The Mueller Report is the strangest legal document I’ve ever read that hadn’t been crafted by an inmate. Insightful and intelligent, while at times frustratingly obtuse and byzantine, it almost approaches poetry. It is 400 pages of blockbuster revelations that goes nowhere.
Miles Davis explained that jazz is about the notes you don’t play. Well, an unplayed note hangs over this otherwise methodical, scripted performance: Where’s the money?
There is not a single direct reference in the entire report to any information gleaned from Trump’s finances. The report makes painfully apparent, through Cohen, that Trump’s denial of Russian contacts was a lie, but it simply drops the thread, as it would do so many times on other subjects. It fails to describe any of Trump’s actual business dealings in any direct reference. Nothing. Not a bank record. Not a tax return. Not even a corporate registration. The only financial information cited comes from personal testimony, mostly from Cohen. That’s very odd, since these crimes hinge on the “thing of value” element.
If this were a report produced by Congress or journalists, one might excuse them for missing the financial side of this story. However, this investigation was conducted by officials with deep experience prosecuting financial crimes. They didn’t just overlook the business angle.
Redactions cannot explain the absence of financial references. If the Special Counsel had investigated Trump’s finances, the data would have influenced entire topic headings. It’s not there. Why?
Trump’s accountant was cooperating with federal prosecutors under an immunity deal, but that cooperation was limited to matters around the Cohen investigation (bribing porn stars). IRS officials were enlisted by the Special Counsel, but their work seems only to have extended to Trump surrogates like Manafort. We have nothing from the prior public record or this report to suggest that the Special Counsel gathered any information whatsoever about Trump’s businesses, the sources of his loans, his already well-documented tax fraud, or any other financial matters. In other words, the Special Counsel appears not to have investigated the only matters about which Trump feels any genuine concern.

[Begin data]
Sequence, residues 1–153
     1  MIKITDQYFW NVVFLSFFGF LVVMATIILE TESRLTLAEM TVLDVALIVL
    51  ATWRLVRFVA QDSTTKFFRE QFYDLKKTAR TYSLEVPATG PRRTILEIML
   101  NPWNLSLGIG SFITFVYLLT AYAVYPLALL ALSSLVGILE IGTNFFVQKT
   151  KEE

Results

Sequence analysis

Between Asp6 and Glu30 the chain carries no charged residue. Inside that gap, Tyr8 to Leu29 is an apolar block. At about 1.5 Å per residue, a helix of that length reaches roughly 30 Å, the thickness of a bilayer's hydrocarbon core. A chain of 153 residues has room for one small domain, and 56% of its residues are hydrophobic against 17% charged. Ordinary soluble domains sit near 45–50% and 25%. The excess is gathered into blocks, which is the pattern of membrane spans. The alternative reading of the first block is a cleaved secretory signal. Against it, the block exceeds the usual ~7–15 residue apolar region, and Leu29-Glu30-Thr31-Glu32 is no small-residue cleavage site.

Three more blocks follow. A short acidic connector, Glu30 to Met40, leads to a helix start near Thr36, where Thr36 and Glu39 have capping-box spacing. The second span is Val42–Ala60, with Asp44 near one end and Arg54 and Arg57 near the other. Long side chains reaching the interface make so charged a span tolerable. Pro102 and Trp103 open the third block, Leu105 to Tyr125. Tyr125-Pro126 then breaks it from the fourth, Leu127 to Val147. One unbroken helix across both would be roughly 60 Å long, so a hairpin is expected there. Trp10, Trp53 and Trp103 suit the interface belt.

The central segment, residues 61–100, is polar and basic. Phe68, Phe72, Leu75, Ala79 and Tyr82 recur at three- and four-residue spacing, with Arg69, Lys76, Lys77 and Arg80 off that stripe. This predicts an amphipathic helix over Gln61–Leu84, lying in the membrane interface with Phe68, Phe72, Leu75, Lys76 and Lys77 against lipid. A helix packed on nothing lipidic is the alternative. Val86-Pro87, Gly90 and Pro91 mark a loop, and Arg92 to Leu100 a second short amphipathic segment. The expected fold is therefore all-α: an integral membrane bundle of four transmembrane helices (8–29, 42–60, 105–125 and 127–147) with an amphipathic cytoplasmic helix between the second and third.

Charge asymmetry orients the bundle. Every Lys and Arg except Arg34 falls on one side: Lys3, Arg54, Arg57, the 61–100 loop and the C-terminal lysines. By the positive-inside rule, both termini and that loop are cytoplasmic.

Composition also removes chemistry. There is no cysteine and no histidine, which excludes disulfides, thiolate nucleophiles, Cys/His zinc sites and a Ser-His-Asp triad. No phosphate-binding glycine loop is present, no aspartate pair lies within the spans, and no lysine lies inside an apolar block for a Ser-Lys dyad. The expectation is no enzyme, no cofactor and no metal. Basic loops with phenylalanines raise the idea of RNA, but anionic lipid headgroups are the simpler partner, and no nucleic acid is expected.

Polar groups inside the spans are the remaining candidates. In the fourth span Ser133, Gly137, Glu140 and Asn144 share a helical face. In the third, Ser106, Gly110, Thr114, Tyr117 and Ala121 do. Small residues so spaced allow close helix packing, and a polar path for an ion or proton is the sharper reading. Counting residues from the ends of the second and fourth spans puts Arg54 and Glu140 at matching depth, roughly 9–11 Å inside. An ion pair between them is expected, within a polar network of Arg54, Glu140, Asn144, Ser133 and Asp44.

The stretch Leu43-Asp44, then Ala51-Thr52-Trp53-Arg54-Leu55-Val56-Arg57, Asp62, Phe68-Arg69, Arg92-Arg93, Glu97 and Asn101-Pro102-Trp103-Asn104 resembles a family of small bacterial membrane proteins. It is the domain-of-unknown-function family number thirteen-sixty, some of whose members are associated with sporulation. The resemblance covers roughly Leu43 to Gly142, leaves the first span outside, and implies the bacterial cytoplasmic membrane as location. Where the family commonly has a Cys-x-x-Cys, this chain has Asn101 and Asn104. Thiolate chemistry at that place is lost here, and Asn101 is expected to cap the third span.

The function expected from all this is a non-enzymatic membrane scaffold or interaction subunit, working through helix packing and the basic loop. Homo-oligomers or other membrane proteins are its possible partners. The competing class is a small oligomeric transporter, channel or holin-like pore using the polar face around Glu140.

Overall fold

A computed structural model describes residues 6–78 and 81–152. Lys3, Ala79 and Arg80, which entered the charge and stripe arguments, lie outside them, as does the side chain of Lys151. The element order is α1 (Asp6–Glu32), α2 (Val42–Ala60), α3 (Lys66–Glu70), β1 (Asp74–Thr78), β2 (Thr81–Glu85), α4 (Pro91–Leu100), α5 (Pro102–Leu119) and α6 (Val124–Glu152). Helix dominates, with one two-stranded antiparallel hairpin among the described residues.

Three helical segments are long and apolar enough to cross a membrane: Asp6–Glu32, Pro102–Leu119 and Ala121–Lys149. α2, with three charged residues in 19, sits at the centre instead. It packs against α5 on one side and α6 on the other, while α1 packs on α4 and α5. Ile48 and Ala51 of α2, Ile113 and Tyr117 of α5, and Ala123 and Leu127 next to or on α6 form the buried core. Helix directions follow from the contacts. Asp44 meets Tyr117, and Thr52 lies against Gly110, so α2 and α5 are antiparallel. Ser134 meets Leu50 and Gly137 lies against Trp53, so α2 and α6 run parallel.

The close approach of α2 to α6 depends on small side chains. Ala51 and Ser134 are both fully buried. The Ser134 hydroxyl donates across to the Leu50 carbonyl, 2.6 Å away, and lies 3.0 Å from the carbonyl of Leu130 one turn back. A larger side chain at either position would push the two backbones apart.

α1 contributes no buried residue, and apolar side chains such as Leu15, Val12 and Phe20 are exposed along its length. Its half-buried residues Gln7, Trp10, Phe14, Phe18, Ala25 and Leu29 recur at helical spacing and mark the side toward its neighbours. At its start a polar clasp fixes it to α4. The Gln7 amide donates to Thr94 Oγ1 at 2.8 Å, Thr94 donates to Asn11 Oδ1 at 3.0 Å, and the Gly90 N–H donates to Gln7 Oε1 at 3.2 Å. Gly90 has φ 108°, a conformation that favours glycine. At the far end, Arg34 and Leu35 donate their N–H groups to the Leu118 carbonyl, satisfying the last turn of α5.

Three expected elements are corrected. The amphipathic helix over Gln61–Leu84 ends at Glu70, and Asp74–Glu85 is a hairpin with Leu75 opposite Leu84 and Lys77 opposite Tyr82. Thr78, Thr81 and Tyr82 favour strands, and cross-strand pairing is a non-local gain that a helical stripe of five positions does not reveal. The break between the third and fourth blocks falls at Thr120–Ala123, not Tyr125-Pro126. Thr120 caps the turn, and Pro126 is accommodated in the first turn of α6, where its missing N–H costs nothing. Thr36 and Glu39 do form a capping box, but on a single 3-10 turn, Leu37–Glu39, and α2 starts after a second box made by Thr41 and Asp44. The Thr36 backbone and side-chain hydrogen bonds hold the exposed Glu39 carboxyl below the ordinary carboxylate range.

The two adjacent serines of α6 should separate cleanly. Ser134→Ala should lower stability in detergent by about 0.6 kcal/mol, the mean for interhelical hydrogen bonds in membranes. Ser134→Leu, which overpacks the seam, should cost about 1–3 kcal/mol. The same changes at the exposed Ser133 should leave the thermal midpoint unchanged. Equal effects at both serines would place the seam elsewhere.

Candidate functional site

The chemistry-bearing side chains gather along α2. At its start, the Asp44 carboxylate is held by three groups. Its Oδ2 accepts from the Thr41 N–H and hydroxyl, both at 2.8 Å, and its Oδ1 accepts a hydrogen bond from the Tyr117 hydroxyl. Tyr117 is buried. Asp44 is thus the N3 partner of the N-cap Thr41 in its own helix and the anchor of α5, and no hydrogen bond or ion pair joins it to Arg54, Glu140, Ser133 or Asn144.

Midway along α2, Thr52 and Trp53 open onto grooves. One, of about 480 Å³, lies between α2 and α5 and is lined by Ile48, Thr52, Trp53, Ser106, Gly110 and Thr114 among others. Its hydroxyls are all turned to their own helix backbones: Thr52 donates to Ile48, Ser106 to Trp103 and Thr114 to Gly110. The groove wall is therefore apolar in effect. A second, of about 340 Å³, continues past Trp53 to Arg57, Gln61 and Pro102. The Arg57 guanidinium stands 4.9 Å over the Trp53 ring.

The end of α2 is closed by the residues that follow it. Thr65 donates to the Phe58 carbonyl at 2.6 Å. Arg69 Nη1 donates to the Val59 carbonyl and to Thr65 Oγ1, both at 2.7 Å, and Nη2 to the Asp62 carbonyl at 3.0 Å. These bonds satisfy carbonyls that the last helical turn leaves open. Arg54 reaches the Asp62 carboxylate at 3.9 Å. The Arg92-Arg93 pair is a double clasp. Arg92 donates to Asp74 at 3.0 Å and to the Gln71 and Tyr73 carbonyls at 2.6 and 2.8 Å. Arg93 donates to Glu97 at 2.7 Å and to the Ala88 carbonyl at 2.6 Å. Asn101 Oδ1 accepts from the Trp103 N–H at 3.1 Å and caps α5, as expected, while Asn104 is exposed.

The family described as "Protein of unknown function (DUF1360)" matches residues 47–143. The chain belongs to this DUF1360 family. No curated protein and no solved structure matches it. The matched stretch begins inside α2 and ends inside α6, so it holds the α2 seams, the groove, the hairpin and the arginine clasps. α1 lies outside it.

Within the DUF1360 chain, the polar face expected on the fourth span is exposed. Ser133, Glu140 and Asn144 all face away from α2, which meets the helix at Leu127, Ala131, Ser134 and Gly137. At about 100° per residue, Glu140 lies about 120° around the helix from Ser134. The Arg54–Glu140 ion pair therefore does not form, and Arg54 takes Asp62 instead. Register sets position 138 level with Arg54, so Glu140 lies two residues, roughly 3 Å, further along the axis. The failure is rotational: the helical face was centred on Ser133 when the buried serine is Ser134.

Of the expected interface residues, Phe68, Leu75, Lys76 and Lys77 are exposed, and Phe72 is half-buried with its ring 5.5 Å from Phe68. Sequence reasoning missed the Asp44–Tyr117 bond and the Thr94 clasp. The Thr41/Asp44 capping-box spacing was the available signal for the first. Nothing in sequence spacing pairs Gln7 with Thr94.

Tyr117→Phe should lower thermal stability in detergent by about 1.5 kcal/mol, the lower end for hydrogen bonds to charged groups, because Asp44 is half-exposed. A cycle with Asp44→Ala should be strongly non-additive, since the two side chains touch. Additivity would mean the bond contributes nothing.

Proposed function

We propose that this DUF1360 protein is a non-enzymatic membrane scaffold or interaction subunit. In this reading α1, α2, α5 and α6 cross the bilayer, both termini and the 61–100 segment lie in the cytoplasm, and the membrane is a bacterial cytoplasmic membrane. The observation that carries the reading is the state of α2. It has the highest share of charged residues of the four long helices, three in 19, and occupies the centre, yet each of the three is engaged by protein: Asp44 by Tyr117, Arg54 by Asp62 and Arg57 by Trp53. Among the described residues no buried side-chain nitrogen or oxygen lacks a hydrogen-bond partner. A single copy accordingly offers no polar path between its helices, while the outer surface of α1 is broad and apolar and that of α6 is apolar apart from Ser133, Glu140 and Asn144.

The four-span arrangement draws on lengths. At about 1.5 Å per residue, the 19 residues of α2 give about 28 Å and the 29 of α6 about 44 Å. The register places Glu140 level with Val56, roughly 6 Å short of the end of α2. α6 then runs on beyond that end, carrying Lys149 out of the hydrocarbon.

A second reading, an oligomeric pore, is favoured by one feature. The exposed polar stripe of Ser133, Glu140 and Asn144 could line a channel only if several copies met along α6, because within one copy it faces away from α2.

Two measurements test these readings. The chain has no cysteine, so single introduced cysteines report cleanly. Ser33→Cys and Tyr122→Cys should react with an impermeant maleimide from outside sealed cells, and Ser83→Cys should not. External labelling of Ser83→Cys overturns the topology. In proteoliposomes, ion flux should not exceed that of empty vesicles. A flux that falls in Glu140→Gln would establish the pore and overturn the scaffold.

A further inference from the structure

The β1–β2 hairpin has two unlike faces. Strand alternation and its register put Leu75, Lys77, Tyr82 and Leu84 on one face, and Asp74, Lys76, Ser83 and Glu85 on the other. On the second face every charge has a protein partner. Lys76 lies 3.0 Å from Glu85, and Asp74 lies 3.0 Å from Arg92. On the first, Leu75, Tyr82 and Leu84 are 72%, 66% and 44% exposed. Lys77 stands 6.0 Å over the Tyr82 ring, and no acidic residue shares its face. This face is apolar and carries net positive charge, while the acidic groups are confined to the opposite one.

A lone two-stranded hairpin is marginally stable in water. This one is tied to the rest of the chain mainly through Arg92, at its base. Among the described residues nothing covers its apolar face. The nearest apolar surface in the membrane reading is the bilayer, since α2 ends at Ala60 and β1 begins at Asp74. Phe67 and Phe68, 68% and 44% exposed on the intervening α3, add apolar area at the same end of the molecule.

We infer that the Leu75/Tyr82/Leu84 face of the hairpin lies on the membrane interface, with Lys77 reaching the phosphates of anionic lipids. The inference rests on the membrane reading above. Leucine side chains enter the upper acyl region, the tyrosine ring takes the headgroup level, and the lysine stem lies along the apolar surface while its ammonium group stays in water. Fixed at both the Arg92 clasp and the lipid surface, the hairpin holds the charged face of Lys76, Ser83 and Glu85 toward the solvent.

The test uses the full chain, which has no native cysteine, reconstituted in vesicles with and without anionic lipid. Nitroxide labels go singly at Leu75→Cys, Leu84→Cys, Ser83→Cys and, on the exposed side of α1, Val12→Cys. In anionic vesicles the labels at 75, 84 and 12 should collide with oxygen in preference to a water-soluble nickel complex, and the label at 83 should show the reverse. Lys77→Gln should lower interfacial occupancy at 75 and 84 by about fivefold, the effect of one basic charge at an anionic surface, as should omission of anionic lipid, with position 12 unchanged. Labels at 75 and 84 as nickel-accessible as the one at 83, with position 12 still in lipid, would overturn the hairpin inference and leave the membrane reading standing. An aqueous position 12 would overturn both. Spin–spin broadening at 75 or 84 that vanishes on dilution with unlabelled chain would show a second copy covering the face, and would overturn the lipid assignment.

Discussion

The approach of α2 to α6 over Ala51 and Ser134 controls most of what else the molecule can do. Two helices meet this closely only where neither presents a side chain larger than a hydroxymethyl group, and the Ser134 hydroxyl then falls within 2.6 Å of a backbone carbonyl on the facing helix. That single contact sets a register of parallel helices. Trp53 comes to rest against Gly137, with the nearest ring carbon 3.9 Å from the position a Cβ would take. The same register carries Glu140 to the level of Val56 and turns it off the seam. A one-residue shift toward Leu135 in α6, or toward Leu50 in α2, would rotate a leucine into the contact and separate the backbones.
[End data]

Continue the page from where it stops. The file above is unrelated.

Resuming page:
How can you even pretend to investigate the intentions of Donald Trump without addressing financial interests? How do you determine whether Trump received a “thing of value” without looking at his finances? That’s strange.
To be clear, the Special Counsel did not go lightly on the President. This is a R-rated report that makes Donald Trump look like a ghetto King Joffrey. Barr flat out lied about the report’s conclusions. It exonerated no one, from anything. It held back from accusing anyone of collusion, while describing an awful lot of collusion, and explicitly did not absolve any of the players. It went on to lay out a damning, readily prosecutable case for obstruction of justice against the President, then finished with redacted references to numerous related prosecutions referred on to other authorities.
If this is someone’s idea of a smokescreen for the President, they did a terrible job. So why did they fail to open the one line of inquiry which might have produced real answers?
It’s hard to imagine that they didn’t try to obtain information about Trump’s finances, but there is no mention either of any efforts to gather that data, or problems gaining access. Nowhere do they explain why they didn’t subpoena Trump’s tax records (as they did with other figures) or alternatively why such a subpoena was sought and denied.
The report is set down in a pattern around an invisible wall protecting the secrecy of the President’s finances. Never is this limitation referenced in any manner, though it’s the cul de sac into which all these many inquiries lead. The Special Counsel lays out his response to the most crucial questions about collusion in pure jazz. The outline is there, but the pattern is laid down in silence.
Why? Someone needs to ask him.